What shall we do about Capt. Cook?

The recent events in Bristol when Edward Colston, deputy governor of the Royal African Company which oversaw the transportation into slavery of an estimated 84,000 Africans plus another 19,000 who did not survive the sea voyage, ended up at the bottom of the harbour, raises questions closer to home. Whilst not condoning the criminal aspects of the deed, it is criminal that the statue, offensive to many Bristolians was actually still in place.

In Great Ayton and Middlesbrough, Captain James Cook is venerated. In 1827, a monument was erected to commemorate him on Easby Moor, there are dedicated museums in Great Ayton and Stewart’s Park. There is at least one school named after him and school houses after his ships. There is a Captain Cook Way, a Captain Cook Square, Captain Cook’s Crescent. In Great Ayton, where the young James Cook lived and attended the village school before navigating the world, the statue in the above photo of him as a boy was unveiled in 1997, taking pride and place on the High Green. The Bottle of Notes sculpture in Middlesbrough is in the form of handwriting taken from his diary. And then there’s Whitby which has its own statue and memorials.

Yet to the indigenous people of Australasia, Captain Cook is vilified as a murderer and looter. Kidnapping people to get his way, killing them if they resisted, stealing at will, and knowingly allowing devastating sexually transmitted diseases to spread through his crew. And a portent of their future colonisation, assimilation, and oppression. Such statues and memorials are deeply offensive to these people. Their voices are loud but are only faintly heard in this country.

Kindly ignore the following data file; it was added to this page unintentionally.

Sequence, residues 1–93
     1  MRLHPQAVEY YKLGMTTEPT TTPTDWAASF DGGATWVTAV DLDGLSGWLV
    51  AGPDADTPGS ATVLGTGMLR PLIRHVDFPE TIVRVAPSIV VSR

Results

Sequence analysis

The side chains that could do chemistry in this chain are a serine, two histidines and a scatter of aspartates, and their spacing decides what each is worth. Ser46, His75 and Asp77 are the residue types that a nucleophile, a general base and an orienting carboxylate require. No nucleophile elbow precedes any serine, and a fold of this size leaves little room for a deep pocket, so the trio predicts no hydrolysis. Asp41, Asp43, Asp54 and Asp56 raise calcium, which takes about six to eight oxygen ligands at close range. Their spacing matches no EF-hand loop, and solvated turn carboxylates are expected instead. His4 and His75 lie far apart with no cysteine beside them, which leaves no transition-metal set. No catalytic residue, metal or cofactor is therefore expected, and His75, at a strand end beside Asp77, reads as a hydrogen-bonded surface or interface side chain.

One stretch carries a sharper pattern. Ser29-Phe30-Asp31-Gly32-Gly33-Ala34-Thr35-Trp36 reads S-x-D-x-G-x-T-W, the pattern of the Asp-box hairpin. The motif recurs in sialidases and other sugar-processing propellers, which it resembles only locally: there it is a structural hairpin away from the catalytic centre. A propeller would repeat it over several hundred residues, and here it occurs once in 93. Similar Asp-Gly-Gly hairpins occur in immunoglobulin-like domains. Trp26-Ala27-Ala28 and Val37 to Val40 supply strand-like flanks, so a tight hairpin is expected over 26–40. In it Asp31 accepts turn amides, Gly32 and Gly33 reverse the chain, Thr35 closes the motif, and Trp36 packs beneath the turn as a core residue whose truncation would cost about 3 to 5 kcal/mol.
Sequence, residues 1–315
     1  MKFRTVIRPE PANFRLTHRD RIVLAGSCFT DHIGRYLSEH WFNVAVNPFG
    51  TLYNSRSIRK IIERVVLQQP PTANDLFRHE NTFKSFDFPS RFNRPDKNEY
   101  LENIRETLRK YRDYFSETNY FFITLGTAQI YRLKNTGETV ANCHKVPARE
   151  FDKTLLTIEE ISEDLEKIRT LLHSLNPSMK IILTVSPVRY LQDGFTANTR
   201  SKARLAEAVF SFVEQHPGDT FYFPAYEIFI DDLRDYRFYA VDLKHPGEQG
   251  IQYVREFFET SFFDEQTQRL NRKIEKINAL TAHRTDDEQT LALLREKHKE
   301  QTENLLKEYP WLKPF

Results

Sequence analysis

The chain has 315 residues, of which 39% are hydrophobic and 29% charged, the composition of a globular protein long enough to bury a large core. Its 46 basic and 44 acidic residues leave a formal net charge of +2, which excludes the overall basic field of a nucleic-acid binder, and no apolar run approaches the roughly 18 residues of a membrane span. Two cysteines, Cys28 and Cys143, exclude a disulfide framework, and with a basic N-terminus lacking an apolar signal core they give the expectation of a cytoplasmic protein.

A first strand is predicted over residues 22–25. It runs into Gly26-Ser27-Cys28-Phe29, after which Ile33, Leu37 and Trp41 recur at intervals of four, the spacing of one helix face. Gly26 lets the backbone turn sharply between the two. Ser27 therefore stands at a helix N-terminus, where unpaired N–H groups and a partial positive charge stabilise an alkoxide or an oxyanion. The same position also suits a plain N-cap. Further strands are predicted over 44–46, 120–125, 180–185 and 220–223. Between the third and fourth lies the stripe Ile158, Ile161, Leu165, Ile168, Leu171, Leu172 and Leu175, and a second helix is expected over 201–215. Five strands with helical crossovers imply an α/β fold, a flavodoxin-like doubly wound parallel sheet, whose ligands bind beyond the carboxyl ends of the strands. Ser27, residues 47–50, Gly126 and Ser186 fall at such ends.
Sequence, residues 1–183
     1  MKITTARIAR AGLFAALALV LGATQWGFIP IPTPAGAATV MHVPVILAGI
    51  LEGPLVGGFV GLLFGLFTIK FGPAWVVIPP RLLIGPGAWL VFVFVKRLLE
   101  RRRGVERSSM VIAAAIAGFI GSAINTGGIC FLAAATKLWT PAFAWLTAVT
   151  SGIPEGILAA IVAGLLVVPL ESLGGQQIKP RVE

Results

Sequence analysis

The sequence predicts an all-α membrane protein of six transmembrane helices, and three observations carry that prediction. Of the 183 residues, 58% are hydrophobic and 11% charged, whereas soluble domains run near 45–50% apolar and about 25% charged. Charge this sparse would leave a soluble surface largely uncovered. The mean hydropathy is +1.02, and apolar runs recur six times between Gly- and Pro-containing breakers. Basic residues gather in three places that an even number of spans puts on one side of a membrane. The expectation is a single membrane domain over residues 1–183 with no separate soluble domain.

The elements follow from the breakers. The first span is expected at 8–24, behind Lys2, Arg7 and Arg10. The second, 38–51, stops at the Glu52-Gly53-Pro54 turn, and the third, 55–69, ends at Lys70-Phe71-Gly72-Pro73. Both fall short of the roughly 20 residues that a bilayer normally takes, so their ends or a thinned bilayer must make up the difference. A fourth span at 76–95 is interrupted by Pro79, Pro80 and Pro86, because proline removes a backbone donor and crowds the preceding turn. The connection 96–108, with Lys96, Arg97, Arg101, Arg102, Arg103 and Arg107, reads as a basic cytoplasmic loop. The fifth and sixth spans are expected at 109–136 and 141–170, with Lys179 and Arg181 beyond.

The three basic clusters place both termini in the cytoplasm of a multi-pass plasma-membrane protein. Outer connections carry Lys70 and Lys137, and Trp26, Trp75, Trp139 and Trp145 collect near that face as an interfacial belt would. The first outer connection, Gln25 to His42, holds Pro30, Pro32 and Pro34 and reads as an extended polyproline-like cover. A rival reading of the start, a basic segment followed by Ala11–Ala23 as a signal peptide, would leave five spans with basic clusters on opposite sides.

But not entirely unheard. In March this year, before lockdown, paint was daubed on the plaque on Capt. Cook’s Monument, a plaque which says:

“… while it shall be deemed the honour of a Christian Nation to spread civilisation and the blessings of the Christian faith among pagan and savage tribes, so long will the name of Captain Cook stand out amongst the most celebrated and most admired benefactors of the human race.”

Cook’s responsibility for these clearly deplorable and immoral actions, either directly or indirectly, may be mitigated by saying he was a child of his time, a child who was the son of a farm labourer and who, through talent and ambition, rose up the ranks of the Royal Navy and who was under orders from his King and a duty to put his ship and crew first.

My fear is that the fate of Edward Colston’s statue may encourage these protestors to take ever more extreme measures. But would it not be better if we recognise now the deep hurt and anger that the name James Cook induces in our neighbours even when they are on the other side of the world?

Maybe for starters, an interpretation board giving the context of the inscription and the views of the indigenous peoples of the South Pacific?
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2 Replies to “What shall we do about Capt. Cook?”

  1. I agree with your idea of a board Mick
    We can’t right the wrongs of centuries past, but we can apologise and explain the context.

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